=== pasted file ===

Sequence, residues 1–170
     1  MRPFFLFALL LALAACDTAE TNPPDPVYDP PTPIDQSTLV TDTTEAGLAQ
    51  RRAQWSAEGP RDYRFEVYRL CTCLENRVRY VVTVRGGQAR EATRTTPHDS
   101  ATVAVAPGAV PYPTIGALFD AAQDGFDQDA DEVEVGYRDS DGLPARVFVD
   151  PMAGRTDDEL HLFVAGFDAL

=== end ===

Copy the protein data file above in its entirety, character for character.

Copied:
Sequence, residues 1–170
     1  MRPFFLFALL LALAACDTAE TNPPDPVYDP PTPIDQSTLV TDTTEAGLAQ
    51  RRAQWSAEGP RDYRFEVYRL CTCLENRVRY VVTVRGGQAR EATRTTPHDS
   101  ATVAVAPGAV PYPTIGALFD AAQDGFDQDA DEVEVGYRDS DGLPARVFVD
   151  PMAGRTDDEL HLFVAGFDAL